By Sukhram Ramkissoon
I have been successful in representing a number of Caribbean clients who were successful in their claims for refugee protection in Canada.
Some have asked, can I return to my country from which I was granted protection in Canada? My answer to them is simple: No.
If you return you may end up having your landed status revoked. However, I told one recently that I will be addressing this topic in one of my columns.
For example, if a person is granted protection in Canada and returns to his country for a short visit, the minister under the Immigration and Refugee Protection Act (IRPA) may bring an application to determine that the refugee protection granted has ceased.
Here are some of the facts in a recent case in which the minister took proceedings before the Immigration and Refugee Board to have the refugee protection cease for a young Afghanistan citizen who was granted refugee protection in Canada.
After he obtained his permanent residence status in possession of a passport from the Afghanistan government he presented himself as a citizen of Afghanistan and traveled through London, Bahrain and Dubai to Afghanistan.
In this case, the minister argued before the board that once a passport has been successfully used to travel to the country of persecution, the intention is no longer rebuttable unless travel can be demonstrated to have been involuntary and meets the definition of re-availment.
With respect to when refugee protection ceases to apply to a person due to having re-availed of the protection of their country of nationality, the UN High Commissioner for Refugees (UNHCR) handbook, under the heading Cessation Clauses, provides three requirements as to when it can be considered that this has occurred: The refugee has acted voluntarily; he or she has exhibited an intention to re-avail; and the refugee has actually obtained such protection.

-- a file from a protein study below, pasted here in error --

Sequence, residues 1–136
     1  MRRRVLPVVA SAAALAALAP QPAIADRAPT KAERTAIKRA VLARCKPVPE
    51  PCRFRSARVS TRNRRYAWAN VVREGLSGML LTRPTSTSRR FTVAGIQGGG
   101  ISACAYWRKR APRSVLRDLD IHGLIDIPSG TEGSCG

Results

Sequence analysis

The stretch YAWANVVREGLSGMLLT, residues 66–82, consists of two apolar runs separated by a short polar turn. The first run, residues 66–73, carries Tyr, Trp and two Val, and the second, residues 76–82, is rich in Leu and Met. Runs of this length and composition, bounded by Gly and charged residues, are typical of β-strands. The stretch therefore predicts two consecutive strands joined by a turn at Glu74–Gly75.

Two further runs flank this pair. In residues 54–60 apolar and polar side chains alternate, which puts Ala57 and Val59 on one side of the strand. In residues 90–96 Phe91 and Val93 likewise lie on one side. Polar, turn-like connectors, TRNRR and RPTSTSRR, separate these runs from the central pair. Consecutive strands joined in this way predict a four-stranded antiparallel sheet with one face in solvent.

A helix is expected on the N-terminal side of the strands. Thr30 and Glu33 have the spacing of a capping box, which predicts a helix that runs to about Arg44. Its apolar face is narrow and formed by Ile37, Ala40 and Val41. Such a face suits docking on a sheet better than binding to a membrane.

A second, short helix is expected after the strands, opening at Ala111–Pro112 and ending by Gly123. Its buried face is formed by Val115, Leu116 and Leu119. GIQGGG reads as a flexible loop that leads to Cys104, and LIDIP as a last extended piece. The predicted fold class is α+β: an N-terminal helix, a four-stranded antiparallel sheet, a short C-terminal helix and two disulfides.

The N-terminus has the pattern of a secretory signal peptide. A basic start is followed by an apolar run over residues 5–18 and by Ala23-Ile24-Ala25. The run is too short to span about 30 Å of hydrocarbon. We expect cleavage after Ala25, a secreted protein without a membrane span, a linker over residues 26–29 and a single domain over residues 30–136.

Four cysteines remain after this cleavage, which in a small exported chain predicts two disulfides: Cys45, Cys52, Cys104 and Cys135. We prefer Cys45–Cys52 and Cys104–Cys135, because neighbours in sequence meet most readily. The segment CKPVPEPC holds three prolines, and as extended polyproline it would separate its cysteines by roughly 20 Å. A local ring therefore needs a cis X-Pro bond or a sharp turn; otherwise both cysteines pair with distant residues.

If a refugee applies for and obtains a national passport or its renewal, it will, in the absence of proof to the contrary, be presumed that he intends to avail himself of the protection of the country of his nationality.
In this case the person testified before a panel, that his father experienced two strokes in 2012; that his concerns for his father had caused him to be unable to concentrate in his studies and he faced mounting pressure from his mother to visit his father, with whom he is particularly close and who he was told was in a condition of decline.
On the basis of this information, he testified he believed he might never see his father again if he did not travel to Afghanistan.
The panel considered the respondents’ age. At the time he was found to be a convention refugee he was 16. He became a permanent resident at 17 and when he planned and undertook his journey to Afghanistan he was 19.
Although he testified to a close relationship with his sole relative in Canada – an older brother – he does not live with him and testified that he did not tell him he was planning to travel home. This suggests either that the respondent ultimately acted on impulse in purchasing his ticket – which is not inconsistent with his youth – or that he does not look to his brother for guidance in important matters.
The panel considered the circumstances under which he obtained refugee protection. The panel also gave considerable weight to his largely unchallenged testimony that he could not concentrate on his studies owing to concern for his father, was under persistent pressure from his mother to travel home to see his father and came to believe, not unreasonably, that if he did not travel to Afghanistan soon, he might never see his father again.
The panel ruled that the consequences for an individual whose refugee status is successfully cessated are very serious and there are few avenues for mitigation. In view of advice in the UNHCR refugee handbook and examples in case law indicating such cases should be judged on their individual merits as to the reason for return, and factoring in his age, his largely unchallenged reliability as a witness, the panel’s own observation of his disingenuous demeanour in giving testimony and the gist of that testimony that he perceived his travel to Afghanistan to see his father to be a relatively urgent situation, the panel concluded, on a balance of probabilities, that his actions were, effectively, involuntary.
The panel rejected the minister’s application and the young main retained his protection in Canada.
Sukhram Ramikissoon is a member of ICCRC and specializes in immigration matters at 3089 Bathurst St., Toronto. Phone 416-789-5756.